You can set all kinds of plot or table options and these have an impact interactively. You can set eval=FALSE and it'll not run the chunk in "run all". The documentation:

mentions a lot of options that will work in RStudio. I would like to know about what won't work and why not. When I read sections of the knitr book and implement it in RStudio and it doesn't work because the "Run" button is an entirely different mechanism, I'm more likely to take it out and not use it, rather than change my workflow and just press knit over and over.

I don't think it's "automagical" at all if the run button already does a lot to mimic knitr. It's not clear to me what the limits are of RStudio's interactive rendering.

I ran across this:

I guess it's the same issue.

I'm seeing RStudio respecting some of the chunk options, but not operating on the knitr options at all. Compare the run and knit outputs of the following chunks.

```{r pressure1, echo=FALSE, dev.args=list(bg='yellow'), fig.width=5}
knitr::opts_chunk$set(comment=NA, fig.asp=1, dev.args=list(bg='gray'))
plot(pressure)
```

```{r pressure2, echo=TRUE, fig.width=6}
knitr::opts_chunk$set(comment=NA, fig.asp=.75, dev.args=list(bg='gray'))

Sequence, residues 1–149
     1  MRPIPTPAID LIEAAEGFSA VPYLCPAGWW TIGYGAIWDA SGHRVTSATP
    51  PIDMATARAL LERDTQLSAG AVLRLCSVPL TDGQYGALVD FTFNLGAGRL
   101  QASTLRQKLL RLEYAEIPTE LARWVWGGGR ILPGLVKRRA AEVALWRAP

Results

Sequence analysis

plot(pressure)
```

Only fig.width gets used by RStudio when running the chunks interactively. When using knitr to generate a document, the pressure1 figure is square and yellow while the pressure2 figure is preceded by the code being echoed and is a grey rectangular figure.

It doesn't appear that RStudio is using knitr to render the chunks, so I wouldn't bet on hooks being available.

1 Like

I agree that I wish I knew of some clear documentation on which chunk options the various Run buttons take into consideration, and under what circumstances. I'm sorry that this answer isn't going to provide much clarity there. :pensive:

I think some of the trouble here stems from the fact that runnable cells are a notebook feature that originated with the R Notebook format, and were then extended to regular R Markdown documents. The conceptual model for non-notebook R Markdown documents has always been that you will in fact press the knit button over and over (i.e. compile the entire document in a batch mode via render::rmarkdown(), which is invoked by the Knit button).

If you want to understand more deeply how R Markdown and knitr relate to computational notebooks, I highly recommend this (long!) post:

A couple of excerpts that start to get at the bigger issues behind the design decisions I think you're bumping up against:

I care a lot about reproducibility, so does RStudio, and we have made a decision on Day One that R Markdown documents should be compiled in new R sessions, which will (mostly) get rid of the problems of hidden state and out-of-order execution. Although many users have complained about it and wanted to run R Markdown documents in the current R session instead, we have never changed the decision. After we created R Markdown notebooks, we have also been constantly alerting users about the potential problems of notebooks. For example, in our book “R Markdown: The Definitive Guide”, we emphasized this issue over and over again: